I told my mom years ago that I could see myself living on a farm, enjoying my acres of land and Noah’s Ark plethora of animals. After visiting Iara this past week, those dreams were confirmed. Not only did I see cows, but a pack of dogs greeted us every morning and followed us to the pharmacy. Can life get any better??
With all seriousness, the pharmacy in Iara reminded me of rural pharmacies in Iowa. Pharmacists know their patients, the population is older, and many of them are battling with comorbid conditions and do not have frequent access to a physician or hospital. The doctor comes to visit twice a week, so it leaves the pharmacy and the pharmacists to take some initiative with the patient’s health. This does mean that pharmacists are giving antibiotics without prescriptions and technicians have more autonomy than I would see at a Walgreens. Not saying that what they do is wrong or that pharmacy in Romania is lacking policy enforcement or policies in general; I am saying that things are different. It is interesting to be in the rural pharmacy and constantly compare things they do in the States to what they do in Romania or the rest of Europe. Sometimes I feel ashamed constantly implying that the United States has it better, when in fact we have it completely wrong on so many levels. Our fear of socialist takeover, huge gaps in healthcare, and millions of people losing their insurance does not make America great by any means. However, when you put two American pharmacy students in Romania these are the conversations that occur. We do have many commonalities with Romania: drugs, rules about controlled substances, increase in antimicrobial stewardship, the desire to make pharmacists part of the healthcare team. No matter where you go, pharmacists are encountering the same struggles and trying to initiate change, but society, cultural norms, government, and the healthcare system hinder that progress.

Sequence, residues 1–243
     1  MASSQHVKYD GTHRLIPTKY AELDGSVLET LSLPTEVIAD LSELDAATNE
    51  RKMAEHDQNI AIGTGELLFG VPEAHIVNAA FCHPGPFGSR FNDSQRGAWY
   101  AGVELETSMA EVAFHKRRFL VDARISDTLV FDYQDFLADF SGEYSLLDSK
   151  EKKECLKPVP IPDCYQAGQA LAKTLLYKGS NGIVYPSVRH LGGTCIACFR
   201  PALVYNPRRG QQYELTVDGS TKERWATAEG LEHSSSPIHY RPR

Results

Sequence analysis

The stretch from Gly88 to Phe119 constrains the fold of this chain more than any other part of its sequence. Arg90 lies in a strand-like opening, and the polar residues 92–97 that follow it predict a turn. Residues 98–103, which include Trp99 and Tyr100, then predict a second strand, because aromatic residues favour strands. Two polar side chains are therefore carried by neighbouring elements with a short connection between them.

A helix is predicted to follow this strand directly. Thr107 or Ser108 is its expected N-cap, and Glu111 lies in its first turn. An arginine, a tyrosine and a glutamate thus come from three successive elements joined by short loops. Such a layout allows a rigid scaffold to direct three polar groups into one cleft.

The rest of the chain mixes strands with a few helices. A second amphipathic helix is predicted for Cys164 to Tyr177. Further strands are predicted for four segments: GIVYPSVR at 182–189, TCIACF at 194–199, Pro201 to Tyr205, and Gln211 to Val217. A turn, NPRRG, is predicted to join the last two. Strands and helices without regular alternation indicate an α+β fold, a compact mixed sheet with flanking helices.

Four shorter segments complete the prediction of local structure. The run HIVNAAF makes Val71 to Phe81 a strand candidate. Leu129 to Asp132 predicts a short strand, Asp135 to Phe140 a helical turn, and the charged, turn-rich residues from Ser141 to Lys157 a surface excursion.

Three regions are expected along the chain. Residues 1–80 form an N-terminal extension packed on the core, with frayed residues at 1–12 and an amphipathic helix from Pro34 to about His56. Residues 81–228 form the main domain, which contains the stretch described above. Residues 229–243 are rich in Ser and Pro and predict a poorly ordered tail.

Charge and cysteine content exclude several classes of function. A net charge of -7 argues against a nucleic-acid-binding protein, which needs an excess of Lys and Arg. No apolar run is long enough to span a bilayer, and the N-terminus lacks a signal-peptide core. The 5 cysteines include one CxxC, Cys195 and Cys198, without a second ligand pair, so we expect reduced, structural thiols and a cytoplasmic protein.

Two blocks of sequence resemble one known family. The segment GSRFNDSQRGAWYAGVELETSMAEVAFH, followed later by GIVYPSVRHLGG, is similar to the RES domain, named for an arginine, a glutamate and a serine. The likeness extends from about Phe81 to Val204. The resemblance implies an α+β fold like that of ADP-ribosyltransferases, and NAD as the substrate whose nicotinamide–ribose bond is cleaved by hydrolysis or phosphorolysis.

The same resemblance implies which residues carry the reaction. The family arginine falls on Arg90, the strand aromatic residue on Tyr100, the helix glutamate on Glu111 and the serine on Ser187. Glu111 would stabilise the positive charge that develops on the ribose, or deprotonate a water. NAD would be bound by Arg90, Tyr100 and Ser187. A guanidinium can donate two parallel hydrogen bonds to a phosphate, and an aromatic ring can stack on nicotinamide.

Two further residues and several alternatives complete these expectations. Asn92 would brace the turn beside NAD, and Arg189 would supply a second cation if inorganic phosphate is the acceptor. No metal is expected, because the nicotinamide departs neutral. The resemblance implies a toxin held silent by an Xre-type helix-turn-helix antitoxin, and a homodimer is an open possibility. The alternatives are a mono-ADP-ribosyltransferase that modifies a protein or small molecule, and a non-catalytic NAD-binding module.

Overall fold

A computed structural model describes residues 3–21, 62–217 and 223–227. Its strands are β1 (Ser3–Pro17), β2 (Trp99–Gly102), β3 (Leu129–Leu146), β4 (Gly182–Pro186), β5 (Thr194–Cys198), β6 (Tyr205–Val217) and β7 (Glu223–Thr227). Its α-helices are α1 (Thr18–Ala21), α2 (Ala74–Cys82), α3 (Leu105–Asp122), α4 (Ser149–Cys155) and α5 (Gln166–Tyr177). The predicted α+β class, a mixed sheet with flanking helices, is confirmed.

Being in Iara, it is interesting to see the emphasis on plant and herbal remedies. We get some of that if we need to know where a drug originated from, but we do not get two years of classes specifically focused on plants. They know so many plants and their mechanism of actions, and sometimes those medications (learned that we should not say drugs because drugs is a negative term and associated with illegal substances, whereas medicines are for treatment) are prescribed as first line.
Romanians are probably some of the nicest people I have ever encountered. The level of hospitality is higher than anything I have ever experienced. It could be their pro-American views, the culture, or that they are genuinely great people. In Iara, a technician named Raluca took us in her home, fed us, let us drink 6 bottles of her wine. Whoever I meet here, they make me feel like family and it makes being here that much more special.
When we got back we celebrated with the health professional students (UMF students) at their traditional singing event near the dorms. Each graduating class (one for pharmacy, medical, and dental) makes their own song and perform it. It was amazing to see how much unity the school has and the rich student traditions that makes their experience at UMF memorable. They also get to plan their graduation, which includes fireworks and the ceremony being in the futbol arena!
To top off our fun-filled weekend, we went to the Tudor Gorge. Which I think there needs to be no description or funny anecdotes, so I will just provide poze (pictures).